Action Slips in Food Choices: A Measure of Habits and Goal-Directed Control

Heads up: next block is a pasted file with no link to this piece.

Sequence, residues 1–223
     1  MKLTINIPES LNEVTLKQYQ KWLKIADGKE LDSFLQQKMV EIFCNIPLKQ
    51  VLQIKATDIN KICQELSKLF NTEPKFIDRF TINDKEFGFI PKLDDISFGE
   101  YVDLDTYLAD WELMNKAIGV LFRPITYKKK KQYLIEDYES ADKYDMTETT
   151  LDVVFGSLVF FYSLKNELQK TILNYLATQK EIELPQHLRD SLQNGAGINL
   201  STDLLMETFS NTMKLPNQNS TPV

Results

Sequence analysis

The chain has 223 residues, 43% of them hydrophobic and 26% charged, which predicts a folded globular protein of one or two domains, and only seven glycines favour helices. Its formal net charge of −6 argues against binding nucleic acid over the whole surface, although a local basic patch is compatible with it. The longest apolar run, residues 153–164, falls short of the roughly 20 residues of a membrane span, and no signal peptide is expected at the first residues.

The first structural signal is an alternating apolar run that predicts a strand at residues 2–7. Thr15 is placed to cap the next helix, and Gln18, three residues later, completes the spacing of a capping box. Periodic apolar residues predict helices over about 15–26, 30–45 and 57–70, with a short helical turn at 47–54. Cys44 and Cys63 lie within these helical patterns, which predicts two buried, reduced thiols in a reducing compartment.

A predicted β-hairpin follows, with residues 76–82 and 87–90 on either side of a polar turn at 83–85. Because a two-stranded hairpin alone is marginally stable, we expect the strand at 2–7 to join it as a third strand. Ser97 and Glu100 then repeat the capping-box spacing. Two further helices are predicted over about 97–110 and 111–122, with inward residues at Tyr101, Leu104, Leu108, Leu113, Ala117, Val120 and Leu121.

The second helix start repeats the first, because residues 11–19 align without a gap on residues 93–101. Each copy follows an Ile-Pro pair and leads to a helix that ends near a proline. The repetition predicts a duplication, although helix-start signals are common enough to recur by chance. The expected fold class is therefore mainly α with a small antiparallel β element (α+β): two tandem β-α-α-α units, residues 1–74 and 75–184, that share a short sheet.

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We report a new, simple instrumental action-slip task, which sets goal-directed action against putative S-R associations. On each training trial, participants were presented with one of two stimuli (blue or green coloured screen). One stimulus (S1) signalled that one joystick response (R1-left or right push) would earn one of two rewards (O1-jellybeans or Pringles points). A second stimulus (S2) signalled a different instrumental relationship (S2:R2-O2). On each test trial, participants were told which outcome could be earnt (O1/O2) on that trial. They were required to withhold responding until the screen changed colour to S1 or S2. On congruent test trials, the stimulus presented (e.g., S1) was associated with the same response (R1) as the outcome available on that trial (O1). On incongruent test trials, in contrast, the outcome (e.g., O1) preceded a stimulus that was associated with a different response (e.g., S2). Hence, in order to obtain the outcome (O1) on incongruent trials, participants were required to suppress any tendency they might have to make the response associated with the stimulus (R2 in response to S2). In two experiments, participants made more errors on incongruent than congruent trials. This result suggests that, on incongruent trials, the stimulus drove responding (e.g., S2 increased R2 responding) in a manner that was inconsistent with goal-directed action (e.g., R1 responding to obtain O1)-an action slip. The results are discussed in terms of popular dual-process theories of instrumental action and a single-process alternative.
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